Sleep spindles in children with restless sleep disorder, restless legs syndrome and normal controls

Lourdes M. DelRosso, Maria Paola Mogavero, Pablo Brockmann, Oliviero Bruni, Raffaele Ferri

Research output: Contribution to journalArticlepeer-review


Objective: To analyze and identify differences in sleep spindles in children with restless sleep disorder (RSD), restless legs syndrome (RLS) and normal controls. Methods: PSG (polysomnography) from children with RSD, RLS and normal controls were analyzed. Sleep spindle activity was detected on one frontal and one central electrode, for each epoch of N2 and N3 sleep. Sleep spindle density, duration and intensity (density × duration) were then obtained and used for analysis. Results: Thirty-eight children with RSD, twenty-three children with RLS and twenty-nine controls were included. The duration of frontal spindles in sleep stage N2 was longer in children with RSD than in controls. Frontal spindle density and intensity tended to be increased in RSD children. No significant differences were found for central spindles. Conclusion: Children with RSD had longer frontal spindles. This finding may contribute to explain the occurrence of excessive movement activity during sleep and the presence of daytime symptoms. Significance: Recent research has demonstrated that children with RSD have increased NREM instability and sympathetic activation during sleep. Analyzing sleep spindles in children with RSD in comparison with children with RLS and controls adds to our understanding of the pathophysiology or RSD and its effects on daytime impairment.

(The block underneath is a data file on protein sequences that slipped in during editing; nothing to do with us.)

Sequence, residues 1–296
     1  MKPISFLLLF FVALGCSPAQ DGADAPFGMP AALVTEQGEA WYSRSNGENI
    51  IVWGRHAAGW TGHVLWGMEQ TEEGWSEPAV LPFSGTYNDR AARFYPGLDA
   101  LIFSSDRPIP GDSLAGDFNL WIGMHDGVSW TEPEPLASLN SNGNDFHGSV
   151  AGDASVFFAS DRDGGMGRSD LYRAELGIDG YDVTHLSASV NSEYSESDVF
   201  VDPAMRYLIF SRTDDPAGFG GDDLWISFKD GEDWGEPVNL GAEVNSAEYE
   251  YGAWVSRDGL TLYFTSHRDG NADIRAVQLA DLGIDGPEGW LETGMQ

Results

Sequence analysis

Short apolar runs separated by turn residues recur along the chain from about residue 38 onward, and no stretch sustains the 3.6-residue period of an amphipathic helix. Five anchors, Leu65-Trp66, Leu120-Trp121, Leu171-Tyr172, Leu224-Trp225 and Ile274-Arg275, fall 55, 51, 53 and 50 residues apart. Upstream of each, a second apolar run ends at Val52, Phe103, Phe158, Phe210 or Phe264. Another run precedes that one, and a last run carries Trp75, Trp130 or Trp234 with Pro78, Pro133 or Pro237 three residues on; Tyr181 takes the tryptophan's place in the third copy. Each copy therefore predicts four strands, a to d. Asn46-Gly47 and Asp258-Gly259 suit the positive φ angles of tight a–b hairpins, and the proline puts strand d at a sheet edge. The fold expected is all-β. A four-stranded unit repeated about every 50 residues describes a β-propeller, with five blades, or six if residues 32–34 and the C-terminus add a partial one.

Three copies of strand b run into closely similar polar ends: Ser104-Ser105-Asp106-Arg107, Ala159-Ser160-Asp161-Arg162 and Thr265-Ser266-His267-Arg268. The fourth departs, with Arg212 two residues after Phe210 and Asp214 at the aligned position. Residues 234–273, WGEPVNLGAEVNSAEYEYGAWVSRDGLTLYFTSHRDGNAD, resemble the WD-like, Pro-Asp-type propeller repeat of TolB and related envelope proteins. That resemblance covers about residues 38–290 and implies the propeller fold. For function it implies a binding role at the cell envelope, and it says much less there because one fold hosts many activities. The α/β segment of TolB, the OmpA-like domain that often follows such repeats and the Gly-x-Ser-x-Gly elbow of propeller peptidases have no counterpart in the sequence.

Original languageEnglish
Pages (from-to)1221-1225
Number of pages5
JournalClinical Neurophysiology
Issue number6
Publication statusPublished - Jun 2021


  • Children
  • Restless legs syndrome
  • Restless sleep disorder
  • Spindles

ASJC Scopus subject areas

  • Sensory Systems
  • Neurology
  • Clinical Neurology
  • Physiology (medical)


Dive into the research topics of 'Sleep spindles in children with restless sleep disorder, restless legs syndrome and normal controls'. Together they form a unique fingerprint.

Cite this